Tikrit, Iraq – Saddam Hussein made his palaces a faux Babylonian paradise, but now his home town of Tikrit is seeking foreign investors to turn the late dictator’s playground into a tourist mecca.
Local officials see the 76 abandoned Saddam villas sprawled across hundreds of acres as potential gold mines for Tikrit’s cash-starved Salahuddin province.
“In fact there are 76 palaces in total, but the largest ones are Thulfiqar Palace in the northern part and Al-Farouq Palace in the southern part. We also have palaces in Makhol, on Makhol mountain and we have 23 palaces in south Tikrit and 17 palaces in north Tikrit. We also have 24 palaces in al-Shattiya site, and al-Shattiya is located in the Tigris River surrounded by water, six in Al-Awja and six in Makhol,” said Jawhar Hammad al-Fahal, the head of Salahuddin’s investment commission.
Saddam built big in Tikrit, his tribal stronghold about 95 miles north of Baghdad. He put up six palaces at his birthplace in the village of al-Awja, and made the Tikrit palace complex his largest.
Boasting artificial lakes and date orchards, the site totals 136 buildings and covers more than 1,000 acres, according to the U.S. Army. American troops used it as a base until turning it over to Iraqi authorities in November 2005.
“We call on world companies which invest in the tourism sector to come and invest. These villas are ready and they only need rehabilitation and a few other things to turn the area into a wonderful tourism site penetrated by three giant artificial lakes. Some of the villas are perching on one of the lakes while the rest are overlooking them. We hope that world investment companies, and the invitation is open for international companies, will come and start rehabilitating these villas,” Fahal said.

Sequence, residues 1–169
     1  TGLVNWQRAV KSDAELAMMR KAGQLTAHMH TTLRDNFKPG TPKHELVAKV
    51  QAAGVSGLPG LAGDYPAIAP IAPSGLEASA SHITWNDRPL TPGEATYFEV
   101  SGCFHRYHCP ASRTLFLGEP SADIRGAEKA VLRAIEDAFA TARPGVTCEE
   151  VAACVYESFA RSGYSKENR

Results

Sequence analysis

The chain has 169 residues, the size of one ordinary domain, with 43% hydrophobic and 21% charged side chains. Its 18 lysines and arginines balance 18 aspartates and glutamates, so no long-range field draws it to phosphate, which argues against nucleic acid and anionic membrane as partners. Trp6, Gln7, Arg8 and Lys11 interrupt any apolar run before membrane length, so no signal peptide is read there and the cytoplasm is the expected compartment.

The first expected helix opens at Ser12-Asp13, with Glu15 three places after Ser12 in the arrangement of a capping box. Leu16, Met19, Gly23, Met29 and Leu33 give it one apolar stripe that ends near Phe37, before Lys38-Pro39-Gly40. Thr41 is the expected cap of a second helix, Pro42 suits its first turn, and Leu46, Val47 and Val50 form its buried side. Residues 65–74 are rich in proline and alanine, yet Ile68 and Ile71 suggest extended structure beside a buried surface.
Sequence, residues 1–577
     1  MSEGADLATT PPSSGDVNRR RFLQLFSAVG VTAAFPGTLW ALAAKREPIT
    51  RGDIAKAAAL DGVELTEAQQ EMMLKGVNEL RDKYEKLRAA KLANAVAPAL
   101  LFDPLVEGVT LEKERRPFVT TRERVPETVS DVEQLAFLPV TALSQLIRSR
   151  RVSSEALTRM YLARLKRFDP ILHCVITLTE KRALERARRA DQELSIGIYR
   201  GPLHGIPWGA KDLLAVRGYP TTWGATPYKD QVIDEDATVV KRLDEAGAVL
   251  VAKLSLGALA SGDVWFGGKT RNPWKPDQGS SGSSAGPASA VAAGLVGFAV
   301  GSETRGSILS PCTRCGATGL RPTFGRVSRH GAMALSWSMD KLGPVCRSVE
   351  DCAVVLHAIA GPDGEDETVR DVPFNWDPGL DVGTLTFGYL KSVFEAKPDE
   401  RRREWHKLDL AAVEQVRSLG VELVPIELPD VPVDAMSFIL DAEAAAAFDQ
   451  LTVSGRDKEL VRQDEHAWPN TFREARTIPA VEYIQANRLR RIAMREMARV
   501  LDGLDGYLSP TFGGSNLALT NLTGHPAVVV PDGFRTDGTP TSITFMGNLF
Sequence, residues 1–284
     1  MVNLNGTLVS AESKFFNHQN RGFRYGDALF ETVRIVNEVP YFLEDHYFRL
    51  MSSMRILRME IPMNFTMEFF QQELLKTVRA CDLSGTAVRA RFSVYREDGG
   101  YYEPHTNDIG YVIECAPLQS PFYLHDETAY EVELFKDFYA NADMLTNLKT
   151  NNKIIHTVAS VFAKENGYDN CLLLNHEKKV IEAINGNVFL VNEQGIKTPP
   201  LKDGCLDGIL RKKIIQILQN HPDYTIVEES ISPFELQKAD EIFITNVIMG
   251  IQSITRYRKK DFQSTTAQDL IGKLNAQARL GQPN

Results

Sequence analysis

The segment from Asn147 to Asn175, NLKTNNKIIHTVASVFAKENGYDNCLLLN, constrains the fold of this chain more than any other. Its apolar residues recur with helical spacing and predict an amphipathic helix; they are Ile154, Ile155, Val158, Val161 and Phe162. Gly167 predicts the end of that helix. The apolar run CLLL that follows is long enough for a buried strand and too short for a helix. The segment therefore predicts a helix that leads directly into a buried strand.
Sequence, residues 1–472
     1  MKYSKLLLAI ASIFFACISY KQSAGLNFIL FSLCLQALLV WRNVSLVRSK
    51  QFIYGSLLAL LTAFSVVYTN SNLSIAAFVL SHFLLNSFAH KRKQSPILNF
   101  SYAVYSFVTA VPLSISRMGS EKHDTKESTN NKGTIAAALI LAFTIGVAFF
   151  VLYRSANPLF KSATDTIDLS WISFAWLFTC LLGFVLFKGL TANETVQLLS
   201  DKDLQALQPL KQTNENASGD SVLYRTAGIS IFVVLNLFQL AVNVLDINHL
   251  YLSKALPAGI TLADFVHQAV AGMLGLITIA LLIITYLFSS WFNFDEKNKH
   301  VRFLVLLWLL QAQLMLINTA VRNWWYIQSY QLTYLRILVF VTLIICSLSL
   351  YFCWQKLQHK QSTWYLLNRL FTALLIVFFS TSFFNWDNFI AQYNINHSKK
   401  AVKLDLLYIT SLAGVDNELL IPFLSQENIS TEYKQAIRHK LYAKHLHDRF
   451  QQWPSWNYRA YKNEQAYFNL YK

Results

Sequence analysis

Many of the sand-colored buildings, often domed and turreted, are crumbling away near the Tigris River. Some are fenced off and still show heavy damage from the 2003 U.S. invasion.
Chandeliers hang in dusty halls and the marble finish has dropped off palace walls. A statue of a bow-wielding Hammurabi, the ancient Babylonian king and lawgiver, adorns the outside of one building.
Fahal said Salahuddin would be no risk to foreign companies and was more secure compared to its neighboring provinces.
“Salahuddin province is the safest Iraqi province. When the violence cycle was at peak, Salahuddin was judged as the safest Iraqi province by U.S. and not Iraqi reports. Security was at a level of 66 percent and this gave the local authorities control over security. We call on almighty God to make our efforts a success to bring prosperity to this city. Investment in Salahuddin means an investment for Iraq as a whole,” he added.
Iraqi tourism caters heavily to Muslim pilgrims and is barely recovering after years of war and sectarian fighting. Iraqis seeking a getaway within the country tend to go to mountain resorts in the north.
Tikrit would not be the first Saddam palace to be turned into a resort. A guesthouse at a hulking palace at Babylon, 60 miles south of Baghdad, has become a popular spot for honeymooners.
Salahuddin’s stance underscores how keen Iraq is for outside investment. Deputy Industry Minister Adel Karim said Iraq could offer production-sharing deals with state companies to draw foreign investors.